# Family of sets $\{A_i\}_{i=1}^n$ such that $A_i\not \subseteq A_j$ and $|A_i|\neq |A_j|$ for all distinct $i$,$j$.

This problem is from the Simon Marais Mathematics Competition Paper A which was conducted a couple of days ago (on October 14, 2023).

Problem statement (verbatim):

For each positive integer $$n$$, let $$f(n)$$ denote the smallest possible value of $$|A_1\cup A_2\cup \cdots\cup A_n|$$ where $$A_1$$, $$A_2$$, $$\ldots$$, $$A_n$$ are sets such that $$A_i\not\subseteq A_j$$ and $$|A_i|\neq |A_j|$$ whenever $$i\neq j$$. Determine $$f(n)$$ for each positive integer $$n$$.

My attempt:

The case $$n=1$$ is trivial, we take $$A_1=\emptyset$$ and hence, $$f(1)=0$$.

In other cases, without loss of generality, we may assume $$|A_1|<|A_2|<\ldots<|A_n|$$. Since we need the least value of $$f(n)$$, take $$|A_i|=i$$.

Case $$n=2$$: $$A_1=\{1\}$$, $$A_2=\{2,3\}$$ and $$f(2)=3$$.

Case $$n=3$$: $$A_1=\{1\}$$, $$A_2=\{2,3\}$$, $$A_3=\{2,4,5\}$$ and $$f(3)=5$$.

Case $$n=4$$: $$A_1=\{1\}$$, $$A_2=\{2,3\}$$, $$A_3=\{2,4,5\}$$, $$A_4=\{3,4,5,6\}$$ and $$f(4)=6$$.

I can't think of how to proceed constructively to determine $$f(n)$$ for any $$n\in\mathbb Z^+$$.

I think the general idea is to take the set $$X=\{1,2,\ldots, f(n)\}$$ and consider its subsets which don't contain each other and their union is $$X$$ itself.

I expect to see a combinatoric approach which yields a nice closed form for $$f(n)$$...

I think the answer is: $$f(n)=n+2 \;\;\;\;\;\;\; \mathrm{for} \; n \geq 3.$$

This can be proved by induction.

Since the OP has already established that $$f(3)=5$$ and $$f(4)=6$$. The statement is true for $$n=3$$ and $$n=4$$.

We need only prove that if the statement is true for $$n=k$$, then it is true for $$n=k+2.$$

For simplicity, let us see how to prove that if $$f(4)=6$$, then $$f(6)=8$$. The general case is just the same.

Let us fill up the smallest and the largest sets, i.e. $$A_1$$ and $$A_6$$ first.

So we may let $$A_1=\{ 1\}$$ and $$A_{6}=\{ 2, 3, \cdots, 7\}.$$  Next we consider $$A_2$$ to $$A_5$$.

Obviously each $$A_i$$ must contain at least one element other than $$1, 2, \cdots, 7$$. We must introduce at least one more element, say $$8$$.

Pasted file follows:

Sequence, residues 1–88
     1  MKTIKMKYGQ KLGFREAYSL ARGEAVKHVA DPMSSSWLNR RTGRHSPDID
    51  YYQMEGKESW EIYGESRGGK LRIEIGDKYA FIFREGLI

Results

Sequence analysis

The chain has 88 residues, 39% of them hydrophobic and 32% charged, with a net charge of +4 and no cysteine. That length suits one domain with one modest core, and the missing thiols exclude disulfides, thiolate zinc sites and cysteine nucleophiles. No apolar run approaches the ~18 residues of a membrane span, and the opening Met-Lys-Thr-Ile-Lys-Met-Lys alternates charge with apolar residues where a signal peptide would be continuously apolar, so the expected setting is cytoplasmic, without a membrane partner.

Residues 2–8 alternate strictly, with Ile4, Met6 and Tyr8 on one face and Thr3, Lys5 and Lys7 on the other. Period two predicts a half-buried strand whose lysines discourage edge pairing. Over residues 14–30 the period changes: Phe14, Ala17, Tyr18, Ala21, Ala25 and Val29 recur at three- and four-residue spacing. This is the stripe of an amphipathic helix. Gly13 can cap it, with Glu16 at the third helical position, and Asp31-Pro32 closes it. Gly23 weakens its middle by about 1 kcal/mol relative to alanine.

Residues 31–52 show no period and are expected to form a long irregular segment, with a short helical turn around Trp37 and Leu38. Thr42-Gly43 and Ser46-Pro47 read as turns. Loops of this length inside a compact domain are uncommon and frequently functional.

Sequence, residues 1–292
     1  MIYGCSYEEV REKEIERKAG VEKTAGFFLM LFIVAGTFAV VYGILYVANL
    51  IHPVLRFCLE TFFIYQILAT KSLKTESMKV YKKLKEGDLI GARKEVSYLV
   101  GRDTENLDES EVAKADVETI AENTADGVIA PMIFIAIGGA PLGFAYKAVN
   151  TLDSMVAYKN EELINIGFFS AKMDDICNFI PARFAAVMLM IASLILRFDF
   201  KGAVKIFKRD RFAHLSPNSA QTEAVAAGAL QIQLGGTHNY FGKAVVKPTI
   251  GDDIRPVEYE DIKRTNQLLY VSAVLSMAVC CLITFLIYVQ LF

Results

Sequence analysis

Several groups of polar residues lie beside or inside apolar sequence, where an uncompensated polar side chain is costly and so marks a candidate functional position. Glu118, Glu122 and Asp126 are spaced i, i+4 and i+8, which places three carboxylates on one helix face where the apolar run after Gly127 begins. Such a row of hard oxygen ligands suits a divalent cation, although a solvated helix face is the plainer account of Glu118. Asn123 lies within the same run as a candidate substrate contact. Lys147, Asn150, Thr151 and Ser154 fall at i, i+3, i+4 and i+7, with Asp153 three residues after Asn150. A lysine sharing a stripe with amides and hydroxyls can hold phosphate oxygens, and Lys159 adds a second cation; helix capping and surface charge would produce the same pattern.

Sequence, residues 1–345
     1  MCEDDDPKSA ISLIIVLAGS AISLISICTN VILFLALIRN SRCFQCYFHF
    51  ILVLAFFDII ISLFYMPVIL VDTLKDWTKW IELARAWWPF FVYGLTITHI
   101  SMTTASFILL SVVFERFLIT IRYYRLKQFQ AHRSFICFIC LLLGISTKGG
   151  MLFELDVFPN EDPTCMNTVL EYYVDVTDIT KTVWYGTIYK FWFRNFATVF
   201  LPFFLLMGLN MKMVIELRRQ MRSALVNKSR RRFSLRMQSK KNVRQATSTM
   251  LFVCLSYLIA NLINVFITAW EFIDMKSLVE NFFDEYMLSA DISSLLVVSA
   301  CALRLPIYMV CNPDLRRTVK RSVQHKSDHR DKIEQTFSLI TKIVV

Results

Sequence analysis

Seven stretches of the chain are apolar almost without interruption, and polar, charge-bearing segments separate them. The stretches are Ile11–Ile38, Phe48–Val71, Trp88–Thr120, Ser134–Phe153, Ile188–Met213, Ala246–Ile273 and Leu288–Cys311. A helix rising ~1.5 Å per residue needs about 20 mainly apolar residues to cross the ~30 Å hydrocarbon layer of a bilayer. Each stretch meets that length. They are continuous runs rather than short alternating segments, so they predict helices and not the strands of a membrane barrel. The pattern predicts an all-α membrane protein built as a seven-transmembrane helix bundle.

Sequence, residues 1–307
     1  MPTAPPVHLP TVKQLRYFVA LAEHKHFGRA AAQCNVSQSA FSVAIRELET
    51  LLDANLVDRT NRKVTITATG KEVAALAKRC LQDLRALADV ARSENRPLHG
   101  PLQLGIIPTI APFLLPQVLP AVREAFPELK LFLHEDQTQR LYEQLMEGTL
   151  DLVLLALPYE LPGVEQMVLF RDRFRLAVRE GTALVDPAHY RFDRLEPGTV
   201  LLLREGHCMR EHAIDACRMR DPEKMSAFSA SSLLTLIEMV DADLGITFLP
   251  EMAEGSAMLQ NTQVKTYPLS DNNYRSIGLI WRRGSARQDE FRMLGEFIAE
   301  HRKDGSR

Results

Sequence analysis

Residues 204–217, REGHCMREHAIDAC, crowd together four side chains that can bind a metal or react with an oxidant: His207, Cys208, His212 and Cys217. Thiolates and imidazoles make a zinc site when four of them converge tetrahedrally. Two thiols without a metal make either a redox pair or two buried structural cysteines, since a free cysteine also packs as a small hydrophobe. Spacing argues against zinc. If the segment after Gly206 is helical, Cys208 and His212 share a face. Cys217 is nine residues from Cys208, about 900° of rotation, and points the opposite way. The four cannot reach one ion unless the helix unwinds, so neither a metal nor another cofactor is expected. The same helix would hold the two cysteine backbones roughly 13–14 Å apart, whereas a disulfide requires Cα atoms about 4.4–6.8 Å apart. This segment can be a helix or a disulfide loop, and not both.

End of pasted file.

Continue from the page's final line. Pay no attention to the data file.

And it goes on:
Therefore at least $$8=6+2$$ elements are needed.

To see that the addition of $$8$$ is enough, we may reason as follows:

First assign $$8$$ to each each $$A_i, \; i=2, 3,4, 5$$. Thus

$$A_2 = \{8, x \}$$, $$A_3 = \{8, x, x \}$$, $$A_4 = \{8, x, x, x \}$$, $$A_5= \{8, x, x, x, x\}$$.

where the $$x$$'s are elements to be filled in.

We may also write it as follows:

$$A_2=\{8 \}\cup B_1, A_3=\{8 \}\cup B_2, A_4=\{8 \}\cup B_3 \; \mathrm{and \; A_5=\{8 \}\cup B_4}$$

where $$|B_i|=i$$ and $$B_i \not\subset B_j$$ whenever $$i \neq j.$$

Thus to fill up $$B_2$$ to $$B_5$$ is just the same question asked with $$n=4.$$

Can we fill up $$B_2$$ to $$B_5$$ by using the elements of $$\{2, 3, 4, 5, 6, 7\}$$ so that no extra element is needed?

The answer is yes. This is because $$f(4)=6$$ and there are exactly $$6$$ elements in $$\{2, 3, 4, 5, 6, 7\}$$.

For concreteness, we may let $$B_1=\{ 2\}, B_2=\{3, 4\}, B_3=\{3, 5, 6 \} \; \mathrm{and} \; B_4=\{4, 5, 6, 7 \}$$ and finally obtain $$A_1=\{1\}, A_2=\{8, 2\}, A_3=\{8, 3, 4\}, A_4=\{8, 3, 5, 6 \}, A_5=\{8, 4, 5, 6, 7 \} \; \mathrm{and} \; A_6=\{2, 3, 4, 5, 6, 7 \}$$

Thus we have proved that $$f(6)=8$$ if $$f(4)=6$$.

Same arguments obviously apply for all $$n$$.

Therefore if the statement is true for $$n=k$$, then it is true for $$n=k+2.$$

By the principle of mathematical induction, $$f(n)=n+2 \;\;\;\;\;\;\; \mathrm{for} \; n \geq 3.$$

• I can't believe that the closed form of $f(n)$ is so simple.... I wish I had computed $f(5)$ and $f(6)$ on the day of the competition... I would have figured out the formula simply by observing... Thank you for this answer... I learned so much! :) Commented Oct 16, 2023 at 13:30

I think duality is the key (but maybe we don't need it). Suppose sets $$A_1, A_2, \ldots, A_n$$ satisfy the condition. Then, for any set $$X$$ including $$A_1 \cup A_2 \cup \cdots \cup A_n$$, the complements $$\overline A_1 = X - A_1,\ \overline A_2, \ldots, \overline A_n$$ also satisfy the condition.

We show that $$f(n)=n+2$$ for $$n \geq 3$$ by constructing subsets $$A_1, A_2, \ldots, A_n$$ of $$[n+2] = \{1,2,\ldots,n+2\}$$ so that $$|A_k| = k+1$$. (It is easy to see that $$n+2$$ is the smallest number possible.)

Suppose $$n \geq 4$$ and let $$A_n = \{1,2,\ldots,n+1\}$$. Other sets $$A_k$$ should contain $$n+2$$. Now it is enough to construct $$B_k = A_k - \{n+2\}$$ so that:

• each $$B_k$$ is a subset of $$[n+1]$$,
• $$|B_k| = k$$,
• sets $$B_1, B_2, \ldots, B_{n-1}$$ satisfy the condition.

We rewrite these conditions in terms of $$C_k = \overline B_{n-k} = [n+1] - B_{n-k}$$:

• each $$C_k$$ is a subset of $$[n+1]$$,
• $$|C_k| = k+1$$,
• sets $$C_1, C_2, \ldots, C_{n-1}$$ satisfy the condition.

Hence the usual induction implies the claim.